“[In] my first year, I was still so conditioned in that it was like second nature,” Eagle said. “Now I’ve only gotten better with it because I know…. you have to rely on all those tricks that you had learned for yourself over the years.”

Attempting to humanize the game on the court is part of how Eagle has contributed to the rapid and sustained growth of the game of basketball, helping the sport dominate the conversation whether or not games are on the slate. He has also helped foster lifelong connections between the players and the fans both as a radio broadcaster and host of several events for the team.

“Basketball has been a passion of mine since I was a kid,” Eagle said. “Being around the NBA and my dad from a very young age helped spark that love for the game. I played it as long as I could through high school and I was around it as much as I could be.”

Social media permits the real-time transmission of the game through highlights, which generally get posted right away. It is the broadcasters, though, who provide the soundtrack to the moments on the screen mixed with the mellifluous tones of a zealous crowd. Eagle remembers the excitement of his first regular season broadcast with the Clippers in a matchup against the rival Los Angeles Lakers; in fact, he took his headset off to look around and take in the atmosphere at Arena, simultaneously adjusting to his new home court.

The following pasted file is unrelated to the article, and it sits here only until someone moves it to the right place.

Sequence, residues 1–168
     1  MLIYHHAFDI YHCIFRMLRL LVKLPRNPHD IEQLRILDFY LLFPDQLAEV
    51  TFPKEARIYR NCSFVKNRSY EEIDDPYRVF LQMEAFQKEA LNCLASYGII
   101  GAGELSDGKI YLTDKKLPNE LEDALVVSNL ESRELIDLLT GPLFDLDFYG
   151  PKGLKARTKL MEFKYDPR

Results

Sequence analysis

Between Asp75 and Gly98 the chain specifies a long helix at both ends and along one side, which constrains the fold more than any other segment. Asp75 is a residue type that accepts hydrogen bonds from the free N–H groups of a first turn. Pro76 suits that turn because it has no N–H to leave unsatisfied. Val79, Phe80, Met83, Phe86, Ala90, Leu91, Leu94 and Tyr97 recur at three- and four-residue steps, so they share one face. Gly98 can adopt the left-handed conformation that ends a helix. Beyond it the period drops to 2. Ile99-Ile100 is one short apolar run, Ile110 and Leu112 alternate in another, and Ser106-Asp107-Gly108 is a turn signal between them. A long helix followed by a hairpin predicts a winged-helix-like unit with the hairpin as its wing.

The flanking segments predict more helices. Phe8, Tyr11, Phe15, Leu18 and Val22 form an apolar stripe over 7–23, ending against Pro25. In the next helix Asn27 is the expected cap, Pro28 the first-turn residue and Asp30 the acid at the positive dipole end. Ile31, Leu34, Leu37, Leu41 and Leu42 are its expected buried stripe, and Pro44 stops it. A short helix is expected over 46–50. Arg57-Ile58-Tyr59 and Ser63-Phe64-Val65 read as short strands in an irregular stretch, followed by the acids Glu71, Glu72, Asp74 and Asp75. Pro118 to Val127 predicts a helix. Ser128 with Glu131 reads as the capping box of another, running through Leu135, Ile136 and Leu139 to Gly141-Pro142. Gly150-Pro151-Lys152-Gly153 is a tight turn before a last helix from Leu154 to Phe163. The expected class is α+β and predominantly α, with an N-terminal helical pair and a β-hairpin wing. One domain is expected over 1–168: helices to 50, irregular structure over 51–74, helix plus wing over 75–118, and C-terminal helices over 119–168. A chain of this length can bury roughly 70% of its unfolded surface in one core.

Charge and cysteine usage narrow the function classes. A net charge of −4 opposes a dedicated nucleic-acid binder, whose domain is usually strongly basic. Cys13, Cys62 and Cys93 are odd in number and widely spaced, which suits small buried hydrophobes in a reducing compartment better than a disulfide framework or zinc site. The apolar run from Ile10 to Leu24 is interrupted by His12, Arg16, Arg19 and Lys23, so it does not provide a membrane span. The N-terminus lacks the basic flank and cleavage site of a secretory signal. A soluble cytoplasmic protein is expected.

“The one good thing… of me starting when I was so young is they’re used to that in L.A. They’ve had a lot of people do that,” Eagle said. “….I think people were just looking forward to what my career was going to turn into – whether that was staying in one spot or doing all these other things. I think people just were there to root [for my] success.”

Now in his fourth season with the team, Eagle has had the chance to call various memorable moments both in the regular season and in the playoffs. With a robust roster including superstars Kawhi Leonard and Paul George, along with a new arena in the Intuit Dome projected to be just a couple of years away from opening, Eagle will provide the dialogue and effectively write the words to all of the action surrounding the team.

It is crucial, though, that Eagle dictates the action rather than letting the action dictate him. Sure, Eagle cannot impact what happens on the court in real time – but what he can do is stay on top of each play, give the location of the ball and try to anticipate what may happen in advance to be ready to make an appropriate call. All of that occurs while being ready to adjust to unforeseen action at a moment’s notice and being authentic in his love of the game and the craft.

“You can sense when someone has control of the action or control or command of the broadcast,” Eagle said. “That’s crucial and it comes with just more and more reps. It comes with practicing and doing it and having a better understanding of, ‘Oh, I need to push it here. I need to pull it back here.’”

Those traits of a play-by-play announcer carry over to announcing gigs outside of the Clippers, although the preparation process differs by sport. Eagle closely follows the Clippers throughout the regular season, making it easier to stay informed about the latest going on with the team down to the minute details.